Round 3, Pick 103
Kenny Willekes DE, Michigan St.
I’m not overly thrilled with this pick, but Willekes is your textbook example of a prospect with elite college production but legitimate physical limitations. He posted 49 TFL and 23.5 sacks over three seasons with the Spartans, although he’s less of a sack artist and more of a backfield disrupter—he’s at his best blowing up the run game.
Willekes has the motor you would expect from a walk on, and he’s one of the most relentless players in the country; you can debate which of his skills will/won’t translate to the pros, but his motor is undebatable. He could stand to add 10 lbs to his frame, but he already possesses enough strength to hang at the next level.
Willekes projects best playing in an attacking (one-gap) defensive front, and his quick-first step and burst will appeal to Schwartz. His ability to slash through gaps and disrupt the opposing backfield is elite, and if he can find a way to add a more dependable pass rush move he’ll be a steal.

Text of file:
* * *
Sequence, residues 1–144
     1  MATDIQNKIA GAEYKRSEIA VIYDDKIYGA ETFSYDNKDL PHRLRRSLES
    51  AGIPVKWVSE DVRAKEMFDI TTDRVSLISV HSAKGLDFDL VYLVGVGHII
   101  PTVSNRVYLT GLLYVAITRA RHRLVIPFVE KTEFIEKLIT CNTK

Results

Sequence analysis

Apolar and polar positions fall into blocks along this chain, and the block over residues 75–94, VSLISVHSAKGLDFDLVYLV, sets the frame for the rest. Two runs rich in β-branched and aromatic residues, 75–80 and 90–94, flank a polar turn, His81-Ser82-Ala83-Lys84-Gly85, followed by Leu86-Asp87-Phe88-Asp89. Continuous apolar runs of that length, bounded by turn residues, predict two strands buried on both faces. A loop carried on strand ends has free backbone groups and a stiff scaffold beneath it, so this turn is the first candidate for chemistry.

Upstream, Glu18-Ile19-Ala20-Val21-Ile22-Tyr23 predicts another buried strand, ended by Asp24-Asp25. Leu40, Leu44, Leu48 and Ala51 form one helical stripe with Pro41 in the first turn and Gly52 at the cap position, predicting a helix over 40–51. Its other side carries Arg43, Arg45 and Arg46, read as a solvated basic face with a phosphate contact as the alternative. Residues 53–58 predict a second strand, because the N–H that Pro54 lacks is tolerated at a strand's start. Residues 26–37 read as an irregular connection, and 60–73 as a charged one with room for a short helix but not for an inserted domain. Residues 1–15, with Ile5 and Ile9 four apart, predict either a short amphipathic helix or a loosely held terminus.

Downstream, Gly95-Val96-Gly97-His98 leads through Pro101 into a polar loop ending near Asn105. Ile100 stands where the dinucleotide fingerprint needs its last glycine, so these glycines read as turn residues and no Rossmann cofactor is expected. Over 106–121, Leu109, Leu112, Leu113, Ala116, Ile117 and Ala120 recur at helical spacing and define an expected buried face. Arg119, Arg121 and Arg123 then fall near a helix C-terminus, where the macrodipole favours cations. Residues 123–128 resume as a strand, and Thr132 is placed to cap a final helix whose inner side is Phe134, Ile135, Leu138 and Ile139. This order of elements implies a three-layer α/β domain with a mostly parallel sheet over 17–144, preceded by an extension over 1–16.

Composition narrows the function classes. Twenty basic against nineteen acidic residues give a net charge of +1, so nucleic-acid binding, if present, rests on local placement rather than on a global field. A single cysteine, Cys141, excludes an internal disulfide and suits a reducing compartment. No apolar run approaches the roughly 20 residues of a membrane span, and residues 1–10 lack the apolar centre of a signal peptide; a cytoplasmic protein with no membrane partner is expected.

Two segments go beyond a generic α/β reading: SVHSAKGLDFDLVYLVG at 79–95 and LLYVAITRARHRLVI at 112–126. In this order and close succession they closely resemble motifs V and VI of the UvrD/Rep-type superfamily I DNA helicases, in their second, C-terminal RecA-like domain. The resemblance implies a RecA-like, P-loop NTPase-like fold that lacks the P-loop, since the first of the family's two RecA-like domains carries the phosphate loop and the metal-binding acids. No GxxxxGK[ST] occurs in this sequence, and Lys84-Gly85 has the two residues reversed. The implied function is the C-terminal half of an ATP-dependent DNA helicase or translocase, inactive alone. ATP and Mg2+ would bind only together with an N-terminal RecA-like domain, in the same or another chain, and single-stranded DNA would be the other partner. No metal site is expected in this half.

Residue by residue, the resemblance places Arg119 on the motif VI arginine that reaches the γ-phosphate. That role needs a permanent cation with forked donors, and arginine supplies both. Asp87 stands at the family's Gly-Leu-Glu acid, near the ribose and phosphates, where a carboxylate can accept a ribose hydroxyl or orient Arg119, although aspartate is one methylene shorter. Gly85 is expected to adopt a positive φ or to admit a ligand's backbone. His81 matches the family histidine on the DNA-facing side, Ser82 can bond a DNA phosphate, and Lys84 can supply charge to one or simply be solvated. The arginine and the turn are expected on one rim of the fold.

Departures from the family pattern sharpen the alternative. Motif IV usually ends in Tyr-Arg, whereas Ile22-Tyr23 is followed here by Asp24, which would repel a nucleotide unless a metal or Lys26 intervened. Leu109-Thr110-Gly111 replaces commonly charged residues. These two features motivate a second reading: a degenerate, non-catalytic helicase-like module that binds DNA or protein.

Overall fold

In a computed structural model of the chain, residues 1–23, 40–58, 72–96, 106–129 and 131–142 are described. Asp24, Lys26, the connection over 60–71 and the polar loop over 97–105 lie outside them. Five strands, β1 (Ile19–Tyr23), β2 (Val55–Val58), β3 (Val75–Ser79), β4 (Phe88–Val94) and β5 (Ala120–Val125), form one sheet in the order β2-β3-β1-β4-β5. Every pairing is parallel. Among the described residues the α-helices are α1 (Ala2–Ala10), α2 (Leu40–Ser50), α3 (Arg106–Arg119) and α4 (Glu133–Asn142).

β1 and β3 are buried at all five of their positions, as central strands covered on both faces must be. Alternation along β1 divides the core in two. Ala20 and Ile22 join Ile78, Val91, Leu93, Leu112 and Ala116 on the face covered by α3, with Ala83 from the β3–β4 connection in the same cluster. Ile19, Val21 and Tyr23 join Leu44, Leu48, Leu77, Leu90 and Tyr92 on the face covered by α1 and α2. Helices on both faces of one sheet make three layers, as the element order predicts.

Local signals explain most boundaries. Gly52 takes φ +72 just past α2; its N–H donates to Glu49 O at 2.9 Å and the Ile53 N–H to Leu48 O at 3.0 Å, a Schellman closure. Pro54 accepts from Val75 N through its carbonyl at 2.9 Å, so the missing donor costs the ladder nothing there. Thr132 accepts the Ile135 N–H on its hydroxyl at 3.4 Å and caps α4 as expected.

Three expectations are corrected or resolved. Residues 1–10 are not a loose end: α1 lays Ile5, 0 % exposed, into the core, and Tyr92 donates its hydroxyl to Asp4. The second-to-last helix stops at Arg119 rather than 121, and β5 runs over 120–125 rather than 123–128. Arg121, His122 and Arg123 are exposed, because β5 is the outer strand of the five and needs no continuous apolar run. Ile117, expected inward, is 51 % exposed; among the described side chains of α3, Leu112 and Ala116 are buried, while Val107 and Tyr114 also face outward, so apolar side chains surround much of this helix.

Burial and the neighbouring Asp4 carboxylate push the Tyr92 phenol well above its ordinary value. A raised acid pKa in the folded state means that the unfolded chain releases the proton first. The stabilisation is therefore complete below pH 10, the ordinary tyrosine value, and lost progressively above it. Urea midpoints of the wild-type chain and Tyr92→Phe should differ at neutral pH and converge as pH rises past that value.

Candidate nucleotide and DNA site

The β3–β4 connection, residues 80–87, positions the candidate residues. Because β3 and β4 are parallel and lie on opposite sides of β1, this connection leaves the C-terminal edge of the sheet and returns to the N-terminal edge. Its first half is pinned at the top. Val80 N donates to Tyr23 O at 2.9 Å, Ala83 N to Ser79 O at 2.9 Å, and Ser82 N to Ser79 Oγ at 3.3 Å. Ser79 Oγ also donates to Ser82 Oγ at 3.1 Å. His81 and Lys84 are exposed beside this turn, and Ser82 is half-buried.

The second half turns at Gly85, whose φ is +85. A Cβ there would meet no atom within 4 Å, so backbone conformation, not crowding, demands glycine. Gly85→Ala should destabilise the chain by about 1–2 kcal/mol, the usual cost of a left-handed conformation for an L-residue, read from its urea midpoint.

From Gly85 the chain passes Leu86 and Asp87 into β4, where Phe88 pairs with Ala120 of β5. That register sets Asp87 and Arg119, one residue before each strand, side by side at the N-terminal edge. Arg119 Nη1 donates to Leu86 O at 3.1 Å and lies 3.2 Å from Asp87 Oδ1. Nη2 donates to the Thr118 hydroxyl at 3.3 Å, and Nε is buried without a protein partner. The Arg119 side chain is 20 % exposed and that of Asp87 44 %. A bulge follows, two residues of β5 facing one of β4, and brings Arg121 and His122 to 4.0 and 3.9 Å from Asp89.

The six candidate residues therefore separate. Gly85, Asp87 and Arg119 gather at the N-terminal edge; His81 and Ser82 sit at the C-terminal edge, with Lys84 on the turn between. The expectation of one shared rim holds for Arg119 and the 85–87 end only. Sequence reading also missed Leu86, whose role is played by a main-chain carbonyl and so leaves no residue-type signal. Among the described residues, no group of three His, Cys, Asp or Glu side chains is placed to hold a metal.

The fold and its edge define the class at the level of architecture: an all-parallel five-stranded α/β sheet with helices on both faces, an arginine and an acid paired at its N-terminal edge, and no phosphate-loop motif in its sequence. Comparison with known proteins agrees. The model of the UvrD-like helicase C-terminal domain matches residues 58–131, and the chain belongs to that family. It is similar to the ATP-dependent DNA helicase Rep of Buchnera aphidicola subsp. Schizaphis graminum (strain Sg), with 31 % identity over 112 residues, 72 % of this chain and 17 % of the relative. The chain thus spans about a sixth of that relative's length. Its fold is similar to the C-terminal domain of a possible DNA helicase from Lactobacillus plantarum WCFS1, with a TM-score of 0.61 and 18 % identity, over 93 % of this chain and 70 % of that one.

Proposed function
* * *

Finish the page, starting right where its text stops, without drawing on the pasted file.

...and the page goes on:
The concern, however, is that he won’t ever add an outside move good enough to compliment the rest of his game—NFL tackles will exploit this weakness and take away the B-gap. As of now his best edge move is working upfield quickly then flattening out towards the passer, but that won’t be enough to cut it for an every down end in the NFL.
The potential is certainly there, but his floor as a run-stopping, playmaking DE is what you’re drafting. With a third round compensatory pick the Birds shouldn’t necessarily be looking to hit a home run, and in the right situation Willekes can be a Michael Bennett-lite in Schwartz’s d-line rotation.